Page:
Businesses are facing disruption and transformation across technology, analytics, AI, automation, robotics and massive amounts of data. “As a result, the quality of their talent and the ability of these companies to extract the most out of their people is one of the most important levers at their fingertips,” said ENGAGE. “If you have the right type and amount of data on candidates, companies, markets, and industries and have the data science muscle, you can find relationships and correlations never seen before.”

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Among the questions that AI can help companies resolve include: When is the absolute right time to engage and target a candidate? What does one say to that candidate once you do engage? Is the candidate concerned about management issues at her current employer? Is the candidate working in a company with a rotten culture or poor work-life balance or her total compensation is below market?

Having access to data about candidates alone is not enough to find the necessary insights. ATS systems only go so far. “In order to get true insights to understand the entire job market landscape, you must look at data on everything that impacts that job candidate,” said ENGAGE. “That includes finding signals about the company they work for and the market that company is in and which industry the market belongs in.”

Data Journey

ENGAGE Talent dubs this the data journey. “Along the data journey there is so much data available that only AI and machine learning predictive insights can scale to the task of finding relationships and connections so you can get to the talent pool faster and more efficiently and with the right message and at the right time,” said the report.

Related: Five Ways HR Can Maximize Data and Analytics

Once a company identifies what is having the biggest impact on a given candidate, it can use that information to craft a message that will have the biggest impact on engagement of those candidates. “We are conditioned to delete all incoming messages because we are all inundated,” said the report. “The only time we would open messages in our inbox is if they are personalized and have some type of context related to us.”

If a potential candidate is going through major business shocks, he or she will be more likely to engage in a conversation and respond to an email that contains information about those shocks, such as leadership changes, litigation events or data breaches.

Validating Applicants

ENGAGE Talent, for its part, has developed tools that allow businesses to connect “the right candidate with the right opportunity at the right time with the right message.” Its proprietary scoring algorithms are able to identify the candidates that are twice as likely to respond to a recruiter as well as 63 percent more likely to change jobs within the next three months, said the company. These insights can provide a competitive advantage by allowing businesses to get to the talent faster and with the right message. ENGAGE describes itself as the world’s first AI-powered platform to combine talent mapping, competitive intelligence, passive candidate sourcing, and outbound recruiting in one candidate identification and engagement engine.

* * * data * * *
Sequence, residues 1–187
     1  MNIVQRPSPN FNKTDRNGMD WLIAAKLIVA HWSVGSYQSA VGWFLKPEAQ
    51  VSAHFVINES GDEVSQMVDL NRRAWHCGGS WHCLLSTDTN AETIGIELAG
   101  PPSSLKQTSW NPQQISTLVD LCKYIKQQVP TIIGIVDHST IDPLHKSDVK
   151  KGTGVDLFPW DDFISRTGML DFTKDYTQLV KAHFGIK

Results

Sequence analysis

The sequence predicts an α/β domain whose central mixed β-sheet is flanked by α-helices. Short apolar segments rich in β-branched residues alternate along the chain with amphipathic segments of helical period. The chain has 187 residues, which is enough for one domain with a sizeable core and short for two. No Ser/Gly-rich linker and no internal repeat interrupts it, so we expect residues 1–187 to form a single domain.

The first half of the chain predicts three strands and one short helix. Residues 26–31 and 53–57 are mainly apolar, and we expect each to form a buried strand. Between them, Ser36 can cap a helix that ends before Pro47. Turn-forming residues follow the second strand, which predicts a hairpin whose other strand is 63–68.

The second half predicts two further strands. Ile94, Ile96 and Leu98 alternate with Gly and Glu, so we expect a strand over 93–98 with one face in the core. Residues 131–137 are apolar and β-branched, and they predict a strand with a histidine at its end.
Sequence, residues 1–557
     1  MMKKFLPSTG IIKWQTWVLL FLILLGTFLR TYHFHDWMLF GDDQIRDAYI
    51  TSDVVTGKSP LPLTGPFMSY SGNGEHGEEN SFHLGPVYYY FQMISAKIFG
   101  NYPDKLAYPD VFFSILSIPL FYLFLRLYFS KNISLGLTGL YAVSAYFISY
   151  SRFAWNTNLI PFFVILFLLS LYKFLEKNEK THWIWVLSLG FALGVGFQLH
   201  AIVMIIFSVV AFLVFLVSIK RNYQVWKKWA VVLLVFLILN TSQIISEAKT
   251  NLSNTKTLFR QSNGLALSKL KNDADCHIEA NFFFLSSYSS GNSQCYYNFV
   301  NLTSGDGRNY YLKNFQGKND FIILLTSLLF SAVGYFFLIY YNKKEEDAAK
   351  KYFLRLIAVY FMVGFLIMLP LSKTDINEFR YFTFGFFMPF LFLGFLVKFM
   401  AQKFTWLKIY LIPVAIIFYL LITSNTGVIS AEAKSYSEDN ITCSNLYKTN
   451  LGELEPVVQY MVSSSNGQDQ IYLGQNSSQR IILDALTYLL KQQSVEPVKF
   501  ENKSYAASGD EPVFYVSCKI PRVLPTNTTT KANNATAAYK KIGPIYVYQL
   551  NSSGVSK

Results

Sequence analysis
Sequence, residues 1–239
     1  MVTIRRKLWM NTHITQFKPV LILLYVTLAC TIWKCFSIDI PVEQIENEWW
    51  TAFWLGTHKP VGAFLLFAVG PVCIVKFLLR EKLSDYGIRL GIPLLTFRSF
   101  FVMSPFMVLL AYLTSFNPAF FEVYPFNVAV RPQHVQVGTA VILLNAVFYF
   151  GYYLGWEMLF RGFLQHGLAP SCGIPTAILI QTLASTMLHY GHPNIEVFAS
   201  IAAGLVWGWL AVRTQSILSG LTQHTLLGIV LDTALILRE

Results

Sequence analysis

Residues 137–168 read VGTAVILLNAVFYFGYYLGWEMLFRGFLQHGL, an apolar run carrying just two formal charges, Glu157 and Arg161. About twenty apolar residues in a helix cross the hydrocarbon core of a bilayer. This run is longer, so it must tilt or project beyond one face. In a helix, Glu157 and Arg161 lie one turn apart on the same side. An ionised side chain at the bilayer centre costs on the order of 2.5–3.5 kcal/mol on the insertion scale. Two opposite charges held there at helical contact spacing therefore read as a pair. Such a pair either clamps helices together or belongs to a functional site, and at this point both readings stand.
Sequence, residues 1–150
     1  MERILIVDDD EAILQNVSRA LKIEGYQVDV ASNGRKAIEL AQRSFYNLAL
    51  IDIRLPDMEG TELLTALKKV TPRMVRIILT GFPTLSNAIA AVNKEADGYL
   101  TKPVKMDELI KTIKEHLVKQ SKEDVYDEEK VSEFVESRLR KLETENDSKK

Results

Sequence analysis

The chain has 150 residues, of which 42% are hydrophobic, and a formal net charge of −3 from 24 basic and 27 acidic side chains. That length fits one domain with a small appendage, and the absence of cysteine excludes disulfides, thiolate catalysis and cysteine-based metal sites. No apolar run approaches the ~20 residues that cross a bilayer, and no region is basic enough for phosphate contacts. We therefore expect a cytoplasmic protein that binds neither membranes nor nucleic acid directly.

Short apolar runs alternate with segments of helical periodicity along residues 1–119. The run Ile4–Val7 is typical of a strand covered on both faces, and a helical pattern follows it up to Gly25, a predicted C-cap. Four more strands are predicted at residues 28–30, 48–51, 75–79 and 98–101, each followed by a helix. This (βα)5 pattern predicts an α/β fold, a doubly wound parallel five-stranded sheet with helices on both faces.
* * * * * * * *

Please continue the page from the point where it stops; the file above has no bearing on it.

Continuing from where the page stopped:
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“While businesses of all sizes have increasing amounts and diversity of data they can leverage to try to identify the best fit for each position, the recruiting process is still stuck in the past with inefficient processes and based on standardized resumes and biased interviewers’ opinions, and companies are suffering because of that,” said the report.


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AI-powered sourcing & recruiting seems to be able to help not only source but also validate applicants. “In fact, studies have shown that human recruiters along with predictive analytics and AI can outperform just manual recruiting processes alone,” said the report.

Data-Driven Insights

Artificial intelligence can help provide data-driven insights that humans cannot uncover by themselves. With AI, for example, companies can sift through thousands of resumes that would otherwise take hours. They can also screen job postings and descriptions for exclusionary or inappropriate language and help remove unconscious bias and inequality from the hiring process.

Related: Recruiters Face a Double Threat from Automation, But There’s Good News

Many businesses are using videos to assess candidates using AI, which is helping identify and quantify soft skills such as truthfulness and empathy. AI looks at word choice and inflections in a candidate’s voice to read between the lines, said ENGAGE. It can be also be used to source passive candidates and predict which of these candidates are the most likely to engage in an opportunity-change conversation.

Related: Hunt Scanlon’s Top 10 Artificial Intelligence Stories of 2017

Contributed by Scott A. Scanlon, Editor-in-Chief; Dale M. Zupsansky, Managing Editor; Stephen Sawicki, Managing Editor; and Will Schatz, Managing Editor – Hunt Scanlon Media